Jonathon Porritt; johnnyvoid.wordpress.com

First, an apology to Jonathon Porritt, then a link to anti-cuts campaigners.

In my book I discuss JP’s book “Capitalism as if the World Matters

and also the Stern Report

http://webarchive.nationalarchives.gov.uk/+/http:/www.hm-treasury.gov.uk/sternreview_index.htm

Incidentally, I owe the same apology to Sir Nicholas Stern.

In contrast to most others worried about humans overreaching the Earth’s physical limits, these two authorities suggest that Capitalism could adapt to a sustainable modus vivendi. After expressing the view that they had each made a credible case for the possibility, I wrote:

“But to allow a dependence on growth, even on the terms suggested by Porritt, to continue to be the basis of the world economy is a serious psychological  mistake.”

Jonathon and Sir Nicholas could reasonably infer from my precise words that I thought they were making a serious mistake. That was not my intention. The theme of my book is the mistake being made by our growth based culture, the world view of people generally. Porritt and Stern are high profile respected figures whose opinions ought to carry considerable weight with those who at present pose the most serious threat to the biosphere. But their message must be one to which the Capitalists will listen, and not switch off. There may be inventors and entrepreneurs who can prolong growth as currently measured without eroding what Porritt calls ‘natural capital’. For their target audience his and Sir Nicholas’s approach is right.

But my aim is to facilitate a culture shift, to begin with in developed nations, but ultimately world wide. To that end, I suggest the Citizens’ Income as making it possible for all individuals to feel secure whether or not economic growth occurs. In future posts I shall discuss just how meaningful the current measures of growth are. Can buying more cars, or spending more in shopping malls really be the means to re-open all the libraries, fire stations and old people’s homes sacrificed on the altar of austerity? If the economy really has grown 50 times bigger than it was in the 1940s, why cannot we afford these luxuries anyway?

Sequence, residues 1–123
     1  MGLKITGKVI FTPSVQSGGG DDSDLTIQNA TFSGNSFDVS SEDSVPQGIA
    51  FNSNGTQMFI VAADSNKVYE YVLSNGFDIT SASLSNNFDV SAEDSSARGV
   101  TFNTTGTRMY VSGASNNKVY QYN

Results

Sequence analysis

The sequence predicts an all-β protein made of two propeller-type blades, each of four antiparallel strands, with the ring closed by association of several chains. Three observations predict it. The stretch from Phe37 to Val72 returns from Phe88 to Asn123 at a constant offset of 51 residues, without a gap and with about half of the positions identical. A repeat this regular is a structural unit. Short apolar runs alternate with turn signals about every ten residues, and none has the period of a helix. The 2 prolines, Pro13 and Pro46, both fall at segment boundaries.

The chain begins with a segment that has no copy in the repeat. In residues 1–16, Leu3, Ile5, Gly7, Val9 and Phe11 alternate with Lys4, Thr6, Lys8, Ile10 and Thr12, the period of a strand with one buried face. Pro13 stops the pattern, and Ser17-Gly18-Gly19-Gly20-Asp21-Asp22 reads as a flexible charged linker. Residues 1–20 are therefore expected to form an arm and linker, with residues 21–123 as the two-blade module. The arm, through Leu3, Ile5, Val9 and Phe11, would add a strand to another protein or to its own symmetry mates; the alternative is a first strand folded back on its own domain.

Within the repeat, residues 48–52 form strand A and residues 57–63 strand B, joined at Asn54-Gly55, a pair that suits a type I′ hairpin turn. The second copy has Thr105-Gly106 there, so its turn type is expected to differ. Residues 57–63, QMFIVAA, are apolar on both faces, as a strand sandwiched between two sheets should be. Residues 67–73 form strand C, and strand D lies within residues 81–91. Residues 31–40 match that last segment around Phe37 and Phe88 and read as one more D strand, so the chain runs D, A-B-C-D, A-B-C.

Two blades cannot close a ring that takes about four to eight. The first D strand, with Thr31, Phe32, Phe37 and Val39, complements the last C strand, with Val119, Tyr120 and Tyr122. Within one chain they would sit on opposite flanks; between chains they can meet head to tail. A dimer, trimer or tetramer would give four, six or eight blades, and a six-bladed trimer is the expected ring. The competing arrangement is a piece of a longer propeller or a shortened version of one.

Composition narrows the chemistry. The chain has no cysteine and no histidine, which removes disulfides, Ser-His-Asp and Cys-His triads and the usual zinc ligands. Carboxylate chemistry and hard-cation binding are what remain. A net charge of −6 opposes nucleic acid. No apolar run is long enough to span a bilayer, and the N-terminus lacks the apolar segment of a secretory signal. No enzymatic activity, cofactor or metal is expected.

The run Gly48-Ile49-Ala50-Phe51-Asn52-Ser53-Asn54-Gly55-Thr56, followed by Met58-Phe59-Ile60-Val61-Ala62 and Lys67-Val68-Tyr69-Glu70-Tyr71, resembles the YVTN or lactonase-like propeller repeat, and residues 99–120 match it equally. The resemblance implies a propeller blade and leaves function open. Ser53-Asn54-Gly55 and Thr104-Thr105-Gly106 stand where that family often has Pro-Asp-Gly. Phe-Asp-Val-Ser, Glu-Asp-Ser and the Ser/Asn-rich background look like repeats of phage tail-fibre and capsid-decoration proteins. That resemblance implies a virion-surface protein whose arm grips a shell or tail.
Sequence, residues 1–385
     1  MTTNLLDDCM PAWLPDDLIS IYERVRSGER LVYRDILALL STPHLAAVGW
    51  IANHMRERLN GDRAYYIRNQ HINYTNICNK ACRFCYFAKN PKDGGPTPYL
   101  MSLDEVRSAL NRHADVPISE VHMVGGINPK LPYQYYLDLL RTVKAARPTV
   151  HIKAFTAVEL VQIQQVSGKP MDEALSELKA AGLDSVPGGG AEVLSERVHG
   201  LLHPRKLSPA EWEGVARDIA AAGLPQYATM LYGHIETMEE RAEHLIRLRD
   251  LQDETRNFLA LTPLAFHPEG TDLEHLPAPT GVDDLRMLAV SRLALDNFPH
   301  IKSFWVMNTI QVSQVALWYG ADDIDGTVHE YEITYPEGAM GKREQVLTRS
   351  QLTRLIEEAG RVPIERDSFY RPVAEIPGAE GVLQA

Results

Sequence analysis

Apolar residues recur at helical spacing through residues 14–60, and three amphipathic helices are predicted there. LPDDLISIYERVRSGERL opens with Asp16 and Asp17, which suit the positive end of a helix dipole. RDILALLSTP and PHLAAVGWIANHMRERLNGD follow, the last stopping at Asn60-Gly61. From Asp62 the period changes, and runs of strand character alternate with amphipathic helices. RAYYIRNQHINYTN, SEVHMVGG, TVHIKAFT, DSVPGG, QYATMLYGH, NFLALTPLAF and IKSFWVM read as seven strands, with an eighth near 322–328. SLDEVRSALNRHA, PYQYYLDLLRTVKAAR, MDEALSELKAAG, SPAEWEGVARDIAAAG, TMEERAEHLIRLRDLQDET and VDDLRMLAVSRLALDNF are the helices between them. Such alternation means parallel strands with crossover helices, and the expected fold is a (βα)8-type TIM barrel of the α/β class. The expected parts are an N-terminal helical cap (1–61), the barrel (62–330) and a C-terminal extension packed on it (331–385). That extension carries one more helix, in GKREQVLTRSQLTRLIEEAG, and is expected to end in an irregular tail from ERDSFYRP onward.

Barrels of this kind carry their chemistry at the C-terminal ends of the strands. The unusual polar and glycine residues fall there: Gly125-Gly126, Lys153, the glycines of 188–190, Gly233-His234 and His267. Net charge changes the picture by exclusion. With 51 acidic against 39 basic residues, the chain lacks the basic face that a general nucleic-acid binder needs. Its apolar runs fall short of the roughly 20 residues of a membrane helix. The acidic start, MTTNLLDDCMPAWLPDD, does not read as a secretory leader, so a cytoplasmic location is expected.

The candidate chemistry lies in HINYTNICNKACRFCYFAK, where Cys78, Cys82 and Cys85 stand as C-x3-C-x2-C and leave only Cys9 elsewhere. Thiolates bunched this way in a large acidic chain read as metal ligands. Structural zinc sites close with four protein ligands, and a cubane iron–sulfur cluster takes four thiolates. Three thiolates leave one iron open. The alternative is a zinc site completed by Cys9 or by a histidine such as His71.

But although I must keep giving reminders of the links with wider issues, at the outset the Citizens’ Income can be focussed purely on the poverty trap. Alan Wheatley has given me what looks like a promising link

http://johnnyvoid.wordpress.com/

giving hair raising detail on just how far short Ian Duncan Smith’s ‘Universal Credit’ plan is falling from the problem it is intended to solve as set out in the first part of Dynamic Benefits (2009).

http://www.centreforsocilajustice.com

And from that link (johnnyvoid) I found

http://www.unemploymentmovement.com

Zac Goldsmith has not responded to last week’s post. I know he received it.

At some stage in future blogs I need to have a dialogue with Natalie and Will. A blog is necessary because political leaders, even Green leaders, cannot address vital issues until the public has a better understanding of them. But that inevitably will mean that sometimes I could look to them like a loose cannon. As with Jonathon, that is not my intention.

Other  topics emerging include a storyline in ‘The Archers’, of a farming family not making ends meet, and  the behaviour of ‘Amazon’. I hope that readers can begin to see the connection. (Clue: For Amazon, read the ‘Tragedy’ post on 9th Nov).

There will be a Green Economics event on 14th December at the International Solidarity Centre, Reading featuring my book and discussing the subject of this blog. Full details available shortly from the GEI website

http://www.greeneconomics.org.uk

There are two items in this morning’s news to which the Citizens’ Income is relevant: the Energy Bill, and the EU budget. George Osborne is complacent on long term gas supplies. Quite apart from climate change increasing the frequency of extreme weather events, energy prices will rise relative to other costs. It should, to incentivise governments, entrepreneurs as well as the public to innovate and change behaviour. There may be a better idea, but until somebody thinks of it, the CI will be an important part of the strategy to cope with this without distress and unrest.

A major EU budget sticking point is between Britain, Sweden and the Netherlands, who say the budget should be cut, and the southern European countries who are protecting their farmers. I could explain, but I hope by now that readers can start working out how the CI principle applies.

Breaking news: Tata steel works closures. The Tragedy again. The first need is for a mass thought experiment which recognizes these connections.

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